When Meena enters her home, she sees her parents sitting on a fake leather chair, which they all find funny because it makes leathery farting sounds. Her mother stands up to go to the kitchen and her father tells her to sit down. He asks Meena to tell them in the future if she wants something. He then tells her a story that he calls the boy and the tiger, but that Meena recognizes as The Boy Who Cried Wolf.
Meena’s parents demonstrate solidarity in trying to help Meena make the right decisions and become an honest person. Their relationship emphasizes the respect and equality with which they arrive at decisions together, thus building a cohesive family unit.
After the story, Meena apologizes for lying and asks her father if he, too, fought in the war and did dangerous things. Papa tries to explain that Indians were involved in another battle and mentions that he did do something dangerous right before Partition, the historical moment when the English divided up India into India and Pakistan, leaving scores of people to flee their homes. Meena learned about this event during one of her father’s mehfils, or evenings of poetry and music, for which her father, an excellent singer, is legendary.
Meena’s apology reveals that, although she is stubborn, she is capable of admitting when she does something wrong—an important quality that represents the first step in making moral decisions. Papa’s response highlights the opposition between English history and Indian history, as the English focus on fighting the Axis powers in the Second World War, whereas Indians were focused on what would happen to their own country under British colonial rule.
Meena describes the magical atmosphere that her father creates during such evenings. She recalls being woken up once by a fierce discussion between guests one evening, as people discussed the horrors of Partition, with its massacres and forced evacuations. Meena was horrified to hear some of these stories and heard many guests weeping. Her father then took part in the conversation, describing being in a carriage where Hindus entered and cut off a Muslim man’s head. He also described spending time in a refugee camp. That night, after these stories, Meena had terrible nightmares.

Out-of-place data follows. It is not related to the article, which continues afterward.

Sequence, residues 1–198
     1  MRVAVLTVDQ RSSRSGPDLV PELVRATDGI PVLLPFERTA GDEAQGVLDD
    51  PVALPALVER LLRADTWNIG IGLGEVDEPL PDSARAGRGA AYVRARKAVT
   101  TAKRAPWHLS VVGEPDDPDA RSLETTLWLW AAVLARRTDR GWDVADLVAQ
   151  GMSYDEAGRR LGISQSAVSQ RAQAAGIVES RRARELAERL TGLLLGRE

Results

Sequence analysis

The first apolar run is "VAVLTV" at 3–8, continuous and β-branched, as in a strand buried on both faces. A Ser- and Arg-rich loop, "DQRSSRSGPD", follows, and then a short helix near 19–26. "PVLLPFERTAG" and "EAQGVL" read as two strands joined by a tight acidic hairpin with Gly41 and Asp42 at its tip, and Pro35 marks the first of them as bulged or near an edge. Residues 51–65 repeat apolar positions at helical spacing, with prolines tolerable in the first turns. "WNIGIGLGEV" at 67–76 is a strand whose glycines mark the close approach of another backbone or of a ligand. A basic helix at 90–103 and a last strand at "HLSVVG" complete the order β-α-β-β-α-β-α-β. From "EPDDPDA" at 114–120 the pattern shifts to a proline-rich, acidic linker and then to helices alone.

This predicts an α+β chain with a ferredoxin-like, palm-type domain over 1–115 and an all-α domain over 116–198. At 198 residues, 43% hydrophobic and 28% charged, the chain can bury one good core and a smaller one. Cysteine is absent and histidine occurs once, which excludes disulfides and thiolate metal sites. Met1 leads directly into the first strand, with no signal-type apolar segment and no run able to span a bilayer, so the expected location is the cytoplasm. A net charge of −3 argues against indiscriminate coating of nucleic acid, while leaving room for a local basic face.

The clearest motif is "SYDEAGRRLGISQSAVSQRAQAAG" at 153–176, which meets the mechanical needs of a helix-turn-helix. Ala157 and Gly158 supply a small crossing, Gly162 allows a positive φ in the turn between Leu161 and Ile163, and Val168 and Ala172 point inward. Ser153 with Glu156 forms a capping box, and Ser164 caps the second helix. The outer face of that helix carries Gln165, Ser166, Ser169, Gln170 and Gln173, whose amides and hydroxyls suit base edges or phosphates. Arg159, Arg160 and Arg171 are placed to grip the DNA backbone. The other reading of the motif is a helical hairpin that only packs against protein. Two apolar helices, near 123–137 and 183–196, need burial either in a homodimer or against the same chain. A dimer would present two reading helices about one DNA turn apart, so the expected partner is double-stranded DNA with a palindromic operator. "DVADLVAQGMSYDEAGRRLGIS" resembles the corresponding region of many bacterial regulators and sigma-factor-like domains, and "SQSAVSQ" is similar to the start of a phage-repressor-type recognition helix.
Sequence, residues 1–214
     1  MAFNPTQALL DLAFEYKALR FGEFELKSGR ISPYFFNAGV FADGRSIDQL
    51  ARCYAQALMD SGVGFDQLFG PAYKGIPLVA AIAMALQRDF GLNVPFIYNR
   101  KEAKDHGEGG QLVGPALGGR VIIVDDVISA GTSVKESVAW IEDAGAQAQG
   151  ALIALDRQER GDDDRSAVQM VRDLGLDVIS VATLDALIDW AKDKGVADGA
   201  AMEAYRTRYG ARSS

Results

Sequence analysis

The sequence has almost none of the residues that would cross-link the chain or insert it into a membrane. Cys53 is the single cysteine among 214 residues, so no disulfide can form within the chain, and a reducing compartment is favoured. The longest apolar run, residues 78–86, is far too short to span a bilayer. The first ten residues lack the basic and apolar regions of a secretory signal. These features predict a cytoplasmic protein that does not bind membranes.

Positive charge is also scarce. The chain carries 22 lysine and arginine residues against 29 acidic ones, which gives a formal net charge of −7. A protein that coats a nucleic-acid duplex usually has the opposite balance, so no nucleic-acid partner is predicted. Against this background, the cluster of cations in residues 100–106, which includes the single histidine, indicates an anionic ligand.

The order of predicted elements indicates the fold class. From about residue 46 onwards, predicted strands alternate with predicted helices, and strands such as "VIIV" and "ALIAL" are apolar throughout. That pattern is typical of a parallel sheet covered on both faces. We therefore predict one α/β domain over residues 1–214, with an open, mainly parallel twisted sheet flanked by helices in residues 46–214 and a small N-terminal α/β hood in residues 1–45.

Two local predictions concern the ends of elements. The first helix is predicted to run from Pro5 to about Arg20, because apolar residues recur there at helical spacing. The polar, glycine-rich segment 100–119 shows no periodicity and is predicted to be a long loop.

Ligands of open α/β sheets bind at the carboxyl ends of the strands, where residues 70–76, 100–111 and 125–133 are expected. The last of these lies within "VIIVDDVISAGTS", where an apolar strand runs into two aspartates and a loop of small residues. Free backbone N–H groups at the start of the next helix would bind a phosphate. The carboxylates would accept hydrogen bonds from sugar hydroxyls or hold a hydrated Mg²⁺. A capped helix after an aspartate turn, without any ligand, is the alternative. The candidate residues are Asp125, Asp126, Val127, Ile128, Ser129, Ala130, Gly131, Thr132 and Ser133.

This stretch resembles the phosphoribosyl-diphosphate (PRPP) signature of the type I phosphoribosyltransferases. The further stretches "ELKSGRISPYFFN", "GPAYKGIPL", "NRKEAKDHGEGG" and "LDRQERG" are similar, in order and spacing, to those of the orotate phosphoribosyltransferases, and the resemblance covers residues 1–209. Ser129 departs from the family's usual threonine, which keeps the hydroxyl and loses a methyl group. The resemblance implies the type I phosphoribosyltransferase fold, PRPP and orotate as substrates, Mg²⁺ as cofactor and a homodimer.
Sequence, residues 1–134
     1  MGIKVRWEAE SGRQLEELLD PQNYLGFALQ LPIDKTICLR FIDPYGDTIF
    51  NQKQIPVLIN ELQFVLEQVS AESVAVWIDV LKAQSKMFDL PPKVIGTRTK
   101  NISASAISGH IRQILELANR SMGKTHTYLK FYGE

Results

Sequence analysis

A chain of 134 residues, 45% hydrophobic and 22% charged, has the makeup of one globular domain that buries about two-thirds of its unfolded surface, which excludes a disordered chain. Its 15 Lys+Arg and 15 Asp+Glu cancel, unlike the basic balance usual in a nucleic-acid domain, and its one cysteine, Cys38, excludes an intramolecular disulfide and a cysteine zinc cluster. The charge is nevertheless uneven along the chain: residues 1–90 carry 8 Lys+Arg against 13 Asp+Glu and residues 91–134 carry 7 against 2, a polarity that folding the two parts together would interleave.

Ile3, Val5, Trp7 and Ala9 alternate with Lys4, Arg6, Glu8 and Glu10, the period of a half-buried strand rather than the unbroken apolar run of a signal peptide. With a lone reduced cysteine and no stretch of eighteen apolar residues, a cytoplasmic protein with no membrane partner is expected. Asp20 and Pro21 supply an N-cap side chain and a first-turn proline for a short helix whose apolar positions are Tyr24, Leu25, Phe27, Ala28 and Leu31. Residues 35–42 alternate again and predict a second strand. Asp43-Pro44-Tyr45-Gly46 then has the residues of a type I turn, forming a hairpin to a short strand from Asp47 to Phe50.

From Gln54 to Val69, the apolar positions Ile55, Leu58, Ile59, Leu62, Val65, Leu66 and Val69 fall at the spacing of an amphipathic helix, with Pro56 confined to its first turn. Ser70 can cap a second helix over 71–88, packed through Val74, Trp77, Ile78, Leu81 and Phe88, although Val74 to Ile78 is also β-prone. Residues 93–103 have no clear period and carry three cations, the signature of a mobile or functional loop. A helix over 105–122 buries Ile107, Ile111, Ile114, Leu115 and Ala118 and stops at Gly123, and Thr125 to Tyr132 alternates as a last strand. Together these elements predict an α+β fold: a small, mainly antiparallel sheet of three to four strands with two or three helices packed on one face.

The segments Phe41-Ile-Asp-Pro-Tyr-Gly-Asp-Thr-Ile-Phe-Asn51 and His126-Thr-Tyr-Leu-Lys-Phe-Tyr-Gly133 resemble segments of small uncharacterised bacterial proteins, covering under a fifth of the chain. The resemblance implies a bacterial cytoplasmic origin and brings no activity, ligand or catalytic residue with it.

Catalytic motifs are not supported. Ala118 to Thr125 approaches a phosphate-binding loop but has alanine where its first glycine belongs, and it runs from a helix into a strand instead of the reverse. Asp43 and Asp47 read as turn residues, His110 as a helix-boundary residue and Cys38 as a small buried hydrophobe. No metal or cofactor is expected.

The division of British colonial India into separate, ethnic-based entities led to people’s forced migration from one territory to another. The events of that time led scores of people to be killed because of their ethnic and religious identity. Meena’s father highlights the horrific consequences of decisions made by colonial powers, suggesting that Britain is heavily responsible for India’s current political, economic, and social situation, which is sometimes dire enough to lead people to immigrate to England.
Now, Meena is excited to hear what her father might have to say about Partition. Papa then describes being paid to deliver a package to a house, only to realize, after dropping it off, that it was a bomb, meant to kill a Muslim merchant. Meena asks him if there was anyone in the house. Her father begins to say that he doesn’t know but catches himself, insisting that there was no one there. Papa then tells Meena that she should eat, revealing that her mother has made her something special. At that moment, mama comes in, bearing a plate of fish fingers and French fries.
Meena discovers that her father involuntarily took part in actions motivated by religious and ethnic hatred. This reveals how powerful racism can be, as it turns into violence—mirroring, on a larger scale, the gratuitous violence Sam Lowbridge later takes part in. Meena’s mother’s decision to make fish fingers reveals her effort to make her daughter feel connected to England, instead of forcing her to focus only on her Indian identity.
That night, Meena is woken up by the sound of an ambulance siren. She looks outside and sees a gathering by the Christmases’ house, where two men are carrying Mrs. Christmas’s body out of her house. Mama enters Meena’s room, asking her what she is doing. Both of them hear then Deirdre’s loud voice explain that she went to talk to Mr. Christmas, who had said something to Anita, when she saw Mrs. Christmas in front of the television, the state of her face suggesting that she had been dead for weeks. Mr. Ormerod comments that Mr. Christmas was probably too confused to know what he was doing.